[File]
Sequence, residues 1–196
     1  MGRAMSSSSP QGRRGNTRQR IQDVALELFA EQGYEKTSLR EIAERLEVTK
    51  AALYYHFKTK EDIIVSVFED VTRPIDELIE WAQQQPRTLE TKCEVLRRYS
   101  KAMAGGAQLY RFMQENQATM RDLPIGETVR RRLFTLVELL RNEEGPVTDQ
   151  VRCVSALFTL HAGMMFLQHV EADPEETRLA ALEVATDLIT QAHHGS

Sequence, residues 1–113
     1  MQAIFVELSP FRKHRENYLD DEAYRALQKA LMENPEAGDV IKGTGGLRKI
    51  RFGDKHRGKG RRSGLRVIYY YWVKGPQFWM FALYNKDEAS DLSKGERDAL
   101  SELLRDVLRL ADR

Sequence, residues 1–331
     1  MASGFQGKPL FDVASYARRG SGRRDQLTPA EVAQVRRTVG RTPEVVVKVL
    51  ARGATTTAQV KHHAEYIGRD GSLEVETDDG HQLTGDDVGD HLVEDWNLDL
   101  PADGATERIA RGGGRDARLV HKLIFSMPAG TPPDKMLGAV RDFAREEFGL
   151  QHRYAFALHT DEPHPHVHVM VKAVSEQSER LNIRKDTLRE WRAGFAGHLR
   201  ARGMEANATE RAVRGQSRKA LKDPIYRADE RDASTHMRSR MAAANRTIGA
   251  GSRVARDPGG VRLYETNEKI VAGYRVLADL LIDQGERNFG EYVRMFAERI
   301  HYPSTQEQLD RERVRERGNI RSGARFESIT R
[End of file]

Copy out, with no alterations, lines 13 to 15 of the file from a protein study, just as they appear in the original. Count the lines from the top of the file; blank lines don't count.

   101  PADGATERIA RGGGRDARLV HKLIFSMPAG TPPDKMLGAV RDFAREEFGL
   151  QHRYAFALHT DEPHPHVHVM VKAVSEQSER LNIRKDTLRE WRAGFAGHLR
   201  ARGMEANATE RAVRGQSRKA LKDPIYRADE RDASTHMRSR MAAANRTIGA